Zimmerman and the Cost of Non-Engagement
There are innumerable commentaries circulating in the wake of George Zimmerman’s acquittal. Charles Pierce (here and here) is worth reading, as is Ta-Nehisi Coates (here and here), as is David Simon. There are wise men and women trying to cope with the staggering injustice of the verdict, trying to figure out what the next step is, trying to face our new reality, one in which it is now feasible for an aggrieved non-black person to shoot and kill an unarmed black teenager and walk away. I don’t know that I have anything to offer in the way of political or legal insight. What I have are some thoughts about critical thinking, and about stories.
It’s hard to actively engage with a story, be it fiction or non-. It requires effort, effort that we can’t always muster after a hard work week, or a hard week looking for work. It’s easier to let a television show or a movie or a news report wash over us, like a river running downstream over rocks and mud, stirring up silty emotions and making the flotsam of the psyche dance but leaving the larger stones intact. I’ve been reading a lot about feminism lately, as part of my long march towards not being so much of a self-centered prick, and there are days where I get home and encounter a perspective I’m unfamiliar with, or some personal testimony that makes me uncomfortable, and find myself unable to engage it. There are nights where I am only able to ensconce myself in the familiar, unable to extend my consciousness and empathy beyond the borders of my own mind, where everyone else’s shoes pinch too much to take more than a few faltering steps beyond my door. The older I grow, the fewer of these nights I have, which I am grateful for, because in the Zimmerman verdict we see the cost of those nights all too plainly.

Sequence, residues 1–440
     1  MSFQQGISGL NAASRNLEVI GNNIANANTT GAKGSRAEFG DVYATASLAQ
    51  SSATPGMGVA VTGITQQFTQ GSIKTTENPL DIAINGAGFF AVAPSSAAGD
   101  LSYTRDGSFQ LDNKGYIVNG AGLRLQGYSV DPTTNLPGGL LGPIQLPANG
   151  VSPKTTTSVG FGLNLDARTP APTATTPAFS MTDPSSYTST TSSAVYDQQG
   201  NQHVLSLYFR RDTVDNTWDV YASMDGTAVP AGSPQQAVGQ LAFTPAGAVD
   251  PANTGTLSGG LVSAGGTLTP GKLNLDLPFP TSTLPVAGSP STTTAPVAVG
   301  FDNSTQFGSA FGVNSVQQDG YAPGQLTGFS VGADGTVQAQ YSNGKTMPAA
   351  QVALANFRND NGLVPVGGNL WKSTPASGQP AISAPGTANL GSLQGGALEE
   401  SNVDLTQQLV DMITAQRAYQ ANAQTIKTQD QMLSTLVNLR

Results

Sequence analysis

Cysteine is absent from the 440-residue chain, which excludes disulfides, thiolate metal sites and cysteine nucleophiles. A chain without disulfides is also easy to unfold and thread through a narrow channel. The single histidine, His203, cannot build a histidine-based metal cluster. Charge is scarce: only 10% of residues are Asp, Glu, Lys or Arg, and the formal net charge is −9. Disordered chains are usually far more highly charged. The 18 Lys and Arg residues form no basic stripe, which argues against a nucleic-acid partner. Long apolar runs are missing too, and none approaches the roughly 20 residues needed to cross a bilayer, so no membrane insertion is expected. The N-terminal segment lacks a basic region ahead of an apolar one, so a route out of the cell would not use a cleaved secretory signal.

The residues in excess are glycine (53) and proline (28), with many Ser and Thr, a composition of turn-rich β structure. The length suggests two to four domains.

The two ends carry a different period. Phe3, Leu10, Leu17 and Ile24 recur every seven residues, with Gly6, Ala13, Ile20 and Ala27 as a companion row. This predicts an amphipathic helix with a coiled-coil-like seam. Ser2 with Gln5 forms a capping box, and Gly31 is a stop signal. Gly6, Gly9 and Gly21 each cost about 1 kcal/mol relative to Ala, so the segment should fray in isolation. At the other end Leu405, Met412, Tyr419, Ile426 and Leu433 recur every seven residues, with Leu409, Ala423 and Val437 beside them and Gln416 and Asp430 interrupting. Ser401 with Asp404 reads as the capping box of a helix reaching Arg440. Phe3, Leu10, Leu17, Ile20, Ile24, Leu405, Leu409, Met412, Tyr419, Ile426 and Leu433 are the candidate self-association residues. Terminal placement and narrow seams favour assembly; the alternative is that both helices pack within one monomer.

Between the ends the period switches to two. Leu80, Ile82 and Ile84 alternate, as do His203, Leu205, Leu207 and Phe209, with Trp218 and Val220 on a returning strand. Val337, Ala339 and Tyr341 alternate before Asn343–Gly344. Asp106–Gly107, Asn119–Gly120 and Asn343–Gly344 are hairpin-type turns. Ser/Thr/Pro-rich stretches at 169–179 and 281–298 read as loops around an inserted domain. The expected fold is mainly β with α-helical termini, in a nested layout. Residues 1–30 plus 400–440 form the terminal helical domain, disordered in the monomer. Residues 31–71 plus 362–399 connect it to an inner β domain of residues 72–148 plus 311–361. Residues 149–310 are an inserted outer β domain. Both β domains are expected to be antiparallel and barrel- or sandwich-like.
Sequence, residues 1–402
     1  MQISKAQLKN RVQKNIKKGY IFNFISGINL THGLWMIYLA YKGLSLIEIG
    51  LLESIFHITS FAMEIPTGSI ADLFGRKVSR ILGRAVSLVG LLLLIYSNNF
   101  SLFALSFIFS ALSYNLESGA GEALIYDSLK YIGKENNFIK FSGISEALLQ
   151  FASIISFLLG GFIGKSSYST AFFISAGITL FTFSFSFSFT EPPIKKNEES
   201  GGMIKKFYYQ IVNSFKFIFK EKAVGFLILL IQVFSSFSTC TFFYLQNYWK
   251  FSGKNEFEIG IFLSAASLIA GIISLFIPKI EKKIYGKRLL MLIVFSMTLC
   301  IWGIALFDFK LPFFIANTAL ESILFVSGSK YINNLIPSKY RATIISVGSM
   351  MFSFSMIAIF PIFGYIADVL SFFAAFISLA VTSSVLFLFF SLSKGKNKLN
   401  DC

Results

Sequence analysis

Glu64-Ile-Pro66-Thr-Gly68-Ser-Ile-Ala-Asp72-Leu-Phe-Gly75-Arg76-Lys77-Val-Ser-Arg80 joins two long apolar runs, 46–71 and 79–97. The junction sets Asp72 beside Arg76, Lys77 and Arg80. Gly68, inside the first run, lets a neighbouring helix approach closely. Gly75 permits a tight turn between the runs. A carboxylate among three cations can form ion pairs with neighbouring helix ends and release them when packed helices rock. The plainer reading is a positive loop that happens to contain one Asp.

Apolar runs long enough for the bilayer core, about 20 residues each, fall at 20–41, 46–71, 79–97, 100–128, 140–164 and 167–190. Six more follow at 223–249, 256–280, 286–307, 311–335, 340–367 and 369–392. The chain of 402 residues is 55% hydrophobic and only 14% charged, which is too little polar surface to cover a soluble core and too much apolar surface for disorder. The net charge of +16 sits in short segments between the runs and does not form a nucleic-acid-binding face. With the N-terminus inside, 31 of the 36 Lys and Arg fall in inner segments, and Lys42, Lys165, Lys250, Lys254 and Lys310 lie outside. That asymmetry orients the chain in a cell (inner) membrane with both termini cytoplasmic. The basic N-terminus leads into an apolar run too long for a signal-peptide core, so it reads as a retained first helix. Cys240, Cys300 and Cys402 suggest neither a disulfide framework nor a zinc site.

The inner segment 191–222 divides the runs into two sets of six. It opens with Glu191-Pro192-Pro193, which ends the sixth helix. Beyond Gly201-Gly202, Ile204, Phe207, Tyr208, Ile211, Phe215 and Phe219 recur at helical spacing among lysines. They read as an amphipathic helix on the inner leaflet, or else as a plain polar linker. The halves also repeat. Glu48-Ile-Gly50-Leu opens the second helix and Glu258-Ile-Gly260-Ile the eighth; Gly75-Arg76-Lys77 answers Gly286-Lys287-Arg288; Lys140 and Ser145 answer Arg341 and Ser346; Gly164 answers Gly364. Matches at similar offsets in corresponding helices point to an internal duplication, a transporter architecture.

If we fail to engage with the stories we are told, if we fail to measure them against our own experience, then we risk having those stories supplant our experience. If most of what you know of young black men comes from television and from news reports about gang violence, then of course young black men will make you nervous. Of course you will see them as a threat. The advances being made in civil liberties for LGBT folk have been possible in large part because the cultural invisibility of that community has been supplanted by media portrayals and by personal experience, as more and more people come to know gay and lesbian individuals personally (or to come to know that they know them, as it were). But one specific negative characterization of the black experience has a long history in our popular media, stretching back to Birth of a Nation, and it is these ugly and narrow images that crowd our subconscious when we walk down a dark street and see a dark young man coming toward us. He could be ready to draw a knife or a gun, yes, anyone could. On the night in question, he did not. I don’t presume to know George Zimmerman’s thoughts on the night in question, but given what we know about Trayvon Martin I would venture to say that if the stories Zimmerman had been told led him to expect a criminal, then those stories failed him.